Good Friday, 2021

One of the deep treasures of Christianity is the simple fact that we have four gospels. Matthew, Mark, Luke and John present the life of Christ from four different perspectives. Although what might seem to be disagreements and differences appear and sometimes confuse believers, the overall picture of Jesus’ life, ministry and meaning is far richer because we have multiple points of view. The importance of having multiple points of view became even more important to me after years of working with survivors of suicide. When there is a sudden and traumatic loss in a family, different people have different versions of what happened. Investigators and police officers are familiar with the differences in the stories of witnesses of trauma. One person will be certain that things unfolded in a particular fashion. Another will tell a different story. Eye witness accounts of traffic accidents, for example, are rarely accurate about details such as the color of the traffic light when the accident occurred. Having multiple perspectives helps to understand the big picture more accurately.

Good Friday reminds us of the differences in perspectives of the storytellers as we try to piece together the story of Jesus’ crucifixion. Serious students of scripture can discover nuances of difference in the way the gospel writers tell the story. There is no single, coherent, comprehensive set of “facts” about the crucifixion. What we have, instead, are the deeply held convictions of people of faith who bring their own experiences to the telling of the story.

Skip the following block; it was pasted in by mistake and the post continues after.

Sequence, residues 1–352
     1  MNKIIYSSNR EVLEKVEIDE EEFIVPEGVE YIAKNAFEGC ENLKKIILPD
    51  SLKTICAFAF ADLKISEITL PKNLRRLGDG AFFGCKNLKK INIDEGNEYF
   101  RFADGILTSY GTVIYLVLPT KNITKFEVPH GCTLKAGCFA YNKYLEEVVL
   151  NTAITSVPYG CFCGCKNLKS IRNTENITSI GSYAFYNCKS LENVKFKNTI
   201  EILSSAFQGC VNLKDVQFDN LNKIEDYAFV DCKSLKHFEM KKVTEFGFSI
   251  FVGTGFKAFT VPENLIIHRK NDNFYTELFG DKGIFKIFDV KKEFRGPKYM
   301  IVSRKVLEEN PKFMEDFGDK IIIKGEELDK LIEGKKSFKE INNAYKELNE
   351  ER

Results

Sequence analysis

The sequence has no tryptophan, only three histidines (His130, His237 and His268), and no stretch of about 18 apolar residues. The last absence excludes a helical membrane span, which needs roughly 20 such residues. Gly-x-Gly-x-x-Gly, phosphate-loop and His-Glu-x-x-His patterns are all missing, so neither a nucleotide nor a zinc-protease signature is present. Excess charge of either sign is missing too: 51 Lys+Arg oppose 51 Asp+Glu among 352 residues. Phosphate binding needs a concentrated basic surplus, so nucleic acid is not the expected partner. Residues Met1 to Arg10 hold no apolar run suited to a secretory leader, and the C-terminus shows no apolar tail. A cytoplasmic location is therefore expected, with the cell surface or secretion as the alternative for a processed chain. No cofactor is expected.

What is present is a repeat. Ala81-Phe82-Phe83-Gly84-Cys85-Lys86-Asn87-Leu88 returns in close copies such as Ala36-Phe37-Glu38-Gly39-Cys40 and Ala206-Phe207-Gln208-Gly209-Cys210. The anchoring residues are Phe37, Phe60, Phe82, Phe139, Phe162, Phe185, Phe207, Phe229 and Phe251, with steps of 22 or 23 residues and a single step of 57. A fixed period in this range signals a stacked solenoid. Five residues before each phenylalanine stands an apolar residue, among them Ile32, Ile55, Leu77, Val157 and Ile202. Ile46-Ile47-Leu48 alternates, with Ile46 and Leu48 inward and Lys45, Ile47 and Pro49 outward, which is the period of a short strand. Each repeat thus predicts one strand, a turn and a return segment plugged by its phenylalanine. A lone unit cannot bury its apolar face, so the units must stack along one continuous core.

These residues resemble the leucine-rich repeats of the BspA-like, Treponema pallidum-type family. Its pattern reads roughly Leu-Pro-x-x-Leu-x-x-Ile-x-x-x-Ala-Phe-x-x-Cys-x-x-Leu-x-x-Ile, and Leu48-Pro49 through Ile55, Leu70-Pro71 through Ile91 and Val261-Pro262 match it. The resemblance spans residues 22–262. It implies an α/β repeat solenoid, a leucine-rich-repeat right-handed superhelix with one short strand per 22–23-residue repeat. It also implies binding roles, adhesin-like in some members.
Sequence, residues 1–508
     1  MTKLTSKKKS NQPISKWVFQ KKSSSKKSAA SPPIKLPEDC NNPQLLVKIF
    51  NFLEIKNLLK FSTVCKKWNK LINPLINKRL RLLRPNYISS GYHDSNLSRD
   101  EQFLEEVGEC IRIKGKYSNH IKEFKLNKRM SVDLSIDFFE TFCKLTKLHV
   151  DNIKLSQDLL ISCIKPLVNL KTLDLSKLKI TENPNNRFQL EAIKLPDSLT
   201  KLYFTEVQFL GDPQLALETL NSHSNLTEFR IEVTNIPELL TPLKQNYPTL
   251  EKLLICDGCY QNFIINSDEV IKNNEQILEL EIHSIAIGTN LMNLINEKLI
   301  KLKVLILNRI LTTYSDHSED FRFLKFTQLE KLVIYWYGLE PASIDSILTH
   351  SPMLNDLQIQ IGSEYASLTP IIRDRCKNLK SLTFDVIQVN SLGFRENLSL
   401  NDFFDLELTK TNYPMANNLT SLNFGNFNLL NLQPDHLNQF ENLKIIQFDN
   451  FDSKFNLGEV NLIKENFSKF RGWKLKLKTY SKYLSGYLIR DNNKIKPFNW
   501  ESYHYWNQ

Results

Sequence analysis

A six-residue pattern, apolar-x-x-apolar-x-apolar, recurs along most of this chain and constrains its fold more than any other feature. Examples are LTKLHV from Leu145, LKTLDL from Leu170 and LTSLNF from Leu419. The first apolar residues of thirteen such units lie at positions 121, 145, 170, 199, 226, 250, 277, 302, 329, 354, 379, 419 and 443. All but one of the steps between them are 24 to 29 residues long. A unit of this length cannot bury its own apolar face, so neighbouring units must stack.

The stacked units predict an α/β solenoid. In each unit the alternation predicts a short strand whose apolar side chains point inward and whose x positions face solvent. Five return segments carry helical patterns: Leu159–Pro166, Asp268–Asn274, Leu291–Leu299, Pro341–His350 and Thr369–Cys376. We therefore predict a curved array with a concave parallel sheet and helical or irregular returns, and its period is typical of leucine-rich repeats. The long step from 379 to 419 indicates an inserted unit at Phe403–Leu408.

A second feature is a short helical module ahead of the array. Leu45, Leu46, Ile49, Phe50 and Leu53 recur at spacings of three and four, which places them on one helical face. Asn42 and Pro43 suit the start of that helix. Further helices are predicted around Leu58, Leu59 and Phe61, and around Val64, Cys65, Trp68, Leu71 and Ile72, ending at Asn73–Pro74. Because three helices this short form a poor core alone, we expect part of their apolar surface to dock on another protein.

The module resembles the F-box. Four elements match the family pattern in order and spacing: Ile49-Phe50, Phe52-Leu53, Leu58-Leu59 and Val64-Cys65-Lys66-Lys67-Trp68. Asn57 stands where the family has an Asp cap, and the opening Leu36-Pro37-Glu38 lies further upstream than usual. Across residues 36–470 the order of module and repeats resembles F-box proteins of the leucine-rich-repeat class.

One of the ways faithful Christians have remembered the event is through drama. Passion plays have told the story of Christ as interpreted by playwrights and actors. They are often based on the gospel stories, but take bits and pieces of those stories and string them together with material that is not taken directly from the bible. I spent many years of my life and ministry in the context of passion plays that were seen as sources of information about the events of Good Friday.